Tailoring genetic sequencing to individual patients could double the diagnostic rates of rare diseases, according to researchers from University College London.
The UK Department of Health announced the launch of the NHS Genomic Medicine Service in 2018, which allows patients with rare diseases to have their genetic code read, enabling improved rates of diagnosis.
Interpreting genetic data can be highly challenging and complex for certain people. Many people with rare diseases do not receive a molecular answer to the cause of their problems through genetic sequencing.
Researchers from the London Mitochondrial Centre at UCL Queen Square Institute of Neurology and UCL Great Ormond Street Institute of Child Health set out to improve the chances of diagnosing rare diseases through genetic sequencing.
The study was published in Nature Communications.
Rethinking approaches to genetic sequencing
The researchers tested how using a team of specialist doctors, bioinformaticians, and scientists could boost the efficacy of NHS diagnostic laboratories beyond the standard semi-automated meth of analysing data, which has typically been used.
The team re-evaluated undiagnosed cases to identify areas that might help direct further, more personalised analysis. The researchers applied additional bioinformatic approaches, using advanced computer technologies to identify genetic alterations in the DNA of patients. Finding these alterations could help clinicians find diseased that may be overlooked during routine testing.
A total of 102 undiagnosed patients were examined, each of whom was suspected of having a primary mitochondrial disease and had undergone genetic sequencing through the NHS’s 100,000 Genomes Project. This personalised approach increased the diagnostic rate from 16.7% to 31.4%. Genetic sequencing detected potentially dangerous variants in a further 3.9% of patients.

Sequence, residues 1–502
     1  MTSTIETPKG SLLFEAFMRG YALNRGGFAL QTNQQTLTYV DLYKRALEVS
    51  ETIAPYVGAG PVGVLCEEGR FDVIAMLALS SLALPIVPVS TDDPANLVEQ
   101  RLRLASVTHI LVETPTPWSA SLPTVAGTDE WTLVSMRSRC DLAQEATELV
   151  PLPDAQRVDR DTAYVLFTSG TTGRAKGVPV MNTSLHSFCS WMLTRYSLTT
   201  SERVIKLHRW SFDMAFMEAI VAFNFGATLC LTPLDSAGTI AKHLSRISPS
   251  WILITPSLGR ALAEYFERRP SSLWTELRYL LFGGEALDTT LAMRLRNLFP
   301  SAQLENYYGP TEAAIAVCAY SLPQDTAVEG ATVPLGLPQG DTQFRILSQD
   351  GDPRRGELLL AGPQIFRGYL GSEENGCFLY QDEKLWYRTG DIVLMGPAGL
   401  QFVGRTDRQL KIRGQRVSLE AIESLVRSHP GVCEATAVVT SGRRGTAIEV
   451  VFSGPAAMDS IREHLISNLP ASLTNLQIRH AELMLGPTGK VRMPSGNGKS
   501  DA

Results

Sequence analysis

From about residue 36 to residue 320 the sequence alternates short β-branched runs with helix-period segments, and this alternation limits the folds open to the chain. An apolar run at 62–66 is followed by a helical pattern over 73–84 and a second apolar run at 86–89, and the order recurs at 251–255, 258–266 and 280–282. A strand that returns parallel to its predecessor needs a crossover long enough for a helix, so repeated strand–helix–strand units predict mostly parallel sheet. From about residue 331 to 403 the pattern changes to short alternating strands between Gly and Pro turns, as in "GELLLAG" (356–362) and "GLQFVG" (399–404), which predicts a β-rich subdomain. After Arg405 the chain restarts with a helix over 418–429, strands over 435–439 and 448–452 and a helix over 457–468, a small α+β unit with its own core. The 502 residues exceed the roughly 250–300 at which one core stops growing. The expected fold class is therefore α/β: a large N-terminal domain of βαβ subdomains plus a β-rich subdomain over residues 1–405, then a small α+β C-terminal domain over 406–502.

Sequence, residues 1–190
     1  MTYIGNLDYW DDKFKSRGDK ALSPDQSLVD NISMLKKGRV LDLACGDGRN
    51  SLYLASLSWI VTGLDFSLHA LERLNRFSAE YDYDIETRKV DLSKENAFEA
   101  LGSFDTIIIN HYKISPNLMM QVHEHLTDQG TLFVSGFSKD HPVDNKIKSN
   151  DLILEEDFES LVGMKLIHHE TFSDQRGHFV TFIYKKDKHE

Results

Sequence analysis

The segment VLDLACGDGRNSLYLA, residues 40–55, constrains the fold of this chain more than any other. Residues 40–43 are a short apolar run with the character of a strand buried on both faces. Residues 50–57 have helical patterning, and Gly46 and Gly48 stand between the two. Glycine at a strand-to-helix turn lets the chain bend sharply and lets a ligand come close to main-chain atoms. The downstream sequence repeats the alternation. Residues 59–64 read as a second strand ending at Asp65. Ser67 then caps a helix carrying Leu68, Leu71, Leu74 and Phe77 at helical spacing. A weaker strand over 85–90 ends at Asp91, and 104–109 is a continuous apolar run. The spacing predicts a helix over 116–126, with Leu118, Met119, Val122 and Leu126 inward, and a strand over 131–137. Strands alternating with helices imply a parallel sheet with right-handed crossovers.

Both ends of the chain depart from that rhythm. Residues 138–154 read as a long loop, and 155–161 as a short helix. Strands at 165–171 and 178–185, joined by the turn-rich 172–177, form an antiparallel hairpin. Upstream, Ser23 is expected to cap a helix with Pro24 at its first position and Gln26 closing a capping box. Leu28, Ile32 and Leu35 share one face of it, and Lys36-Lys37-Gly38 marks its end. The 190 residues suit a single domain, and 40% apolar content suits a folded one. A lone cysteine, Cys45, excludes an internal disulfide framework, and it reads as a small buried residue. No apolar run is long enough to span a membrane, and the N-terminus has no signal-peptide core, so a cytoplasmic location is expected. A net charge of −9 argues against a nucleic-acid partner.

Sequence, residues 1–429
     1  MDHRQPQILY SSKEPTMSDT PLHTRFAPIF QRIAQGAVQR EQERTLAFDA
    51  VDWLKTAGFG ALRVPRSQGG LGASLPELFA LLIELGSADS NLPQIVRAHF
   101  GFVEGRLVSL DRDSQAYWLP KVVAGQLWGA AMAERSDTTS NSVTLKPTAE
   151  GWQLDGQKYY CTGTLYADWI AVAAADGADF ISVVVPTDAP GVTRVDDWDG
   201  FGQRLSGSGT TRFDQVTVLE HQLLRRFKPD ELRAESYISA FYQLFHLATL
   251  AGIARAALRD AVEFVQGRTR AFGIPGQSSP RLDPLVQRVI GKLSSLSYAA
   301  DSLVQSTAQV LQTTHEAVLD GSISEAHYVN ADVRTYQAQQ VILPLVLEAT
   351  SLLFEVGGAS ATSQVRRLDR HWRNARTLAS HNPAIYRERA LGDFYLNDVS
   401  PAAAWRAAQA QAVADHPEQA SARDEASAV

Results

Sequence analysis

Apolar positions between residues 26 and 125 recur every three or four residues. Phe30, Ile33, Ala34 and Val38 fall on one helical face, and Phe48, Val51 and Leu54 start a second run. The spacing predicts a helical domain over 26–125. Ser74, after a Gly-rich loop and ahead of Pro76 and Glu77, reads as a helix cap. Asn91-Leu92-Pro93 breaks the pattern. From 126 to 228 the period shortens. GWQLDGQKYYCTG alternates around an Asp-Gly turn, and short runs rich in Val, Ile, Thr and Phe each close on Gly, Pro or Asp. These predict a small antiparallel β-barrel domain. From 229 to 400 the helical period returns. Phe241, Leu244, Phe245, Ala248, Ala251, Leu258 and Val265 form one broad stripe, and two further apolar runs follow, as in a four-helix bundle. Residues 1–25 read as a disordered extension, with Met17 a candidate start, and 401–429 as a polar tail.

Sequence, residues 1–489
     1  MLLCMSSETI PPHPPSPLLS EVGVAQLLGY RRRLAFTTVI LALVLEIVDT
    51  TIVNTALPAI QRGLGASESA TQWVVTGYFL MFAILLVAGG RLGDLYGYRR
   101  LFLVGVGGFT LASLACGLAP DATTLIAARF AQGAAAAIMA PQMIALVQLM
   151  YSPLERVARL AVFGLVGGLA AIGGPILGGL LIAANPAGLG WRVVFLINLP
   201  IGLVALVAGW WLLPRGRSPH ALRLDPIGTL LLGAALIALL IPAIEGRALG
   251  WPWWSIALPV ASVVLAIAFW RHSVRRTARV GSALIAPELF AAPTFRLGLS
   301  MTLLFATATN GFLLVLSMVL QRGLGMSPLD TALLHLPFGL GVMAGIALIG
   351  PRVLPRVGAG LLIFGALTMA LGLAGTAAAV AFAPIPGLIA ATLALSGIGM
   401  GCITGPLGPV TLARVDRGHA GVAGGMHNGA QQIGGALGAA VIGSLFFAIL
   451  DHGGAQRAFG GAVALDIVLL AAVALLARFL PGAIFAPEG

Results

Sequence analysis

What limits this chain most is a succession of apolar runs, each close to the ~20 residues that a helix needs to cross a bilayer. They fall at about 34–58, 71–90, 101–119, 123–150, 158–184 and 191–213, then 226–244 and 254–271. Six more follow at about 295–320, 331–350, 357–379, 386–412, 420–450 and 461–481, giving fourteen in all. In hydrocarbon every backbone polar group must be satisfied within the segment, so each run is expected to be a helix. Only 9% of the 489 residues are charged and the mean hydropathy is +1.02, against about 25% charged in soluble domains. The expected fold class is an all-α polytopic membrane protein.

The UK is at the forefront of rare disease diagnostics
“The NHS has invested heavily in advanced genetic technologies. Consequently, the UK has established itself at the forefront of diagnostic whole genome sequencing. That said, some people with rare genetic diseases remain without a molecular diagnosis after their genome is analysed,” said Dr Robert Pitceathly, lead author and co-lead for the London NHS Highly Specialised Service for Rare Mitochondrial Disorders.
“We believe investing in specialist genomic medicine teams is crucial, ensuring equitable access to dedicated multidisciplinary expertise and maximising diagnoses. On average, patients in our study waited over 30 years for a diagnosis – we now have the capability to solve such cases but need adequate workforce planning to support NHS diagnostic genetic laboratories in achieving this goal,” added Dr Pitceathly.
Receiving a genetic diagnosis allows patients to obtain access to family planning, specialised IVF, and drug trials. It also enables targeted screening of disease complications and access to clinical drug studies.
“In this study, every new genetic diagnosis had a direct impact on patient care. This included additional check-ups for heart problems, hearing loss, and diabetes, and access to clinical trials,” said Dr Pitceathly.
“This work is a significant step forward in developing the best ways to maximise the benefits of genome analysis for patients. It clearly demonstrates that by combining automated approaches to genome analysis with data interpretation by a skilled multidisciplinary team the diagnostic rates double,” concluded Professor Michael Hanna, Director of UCL Queen Square Institute of Neurology.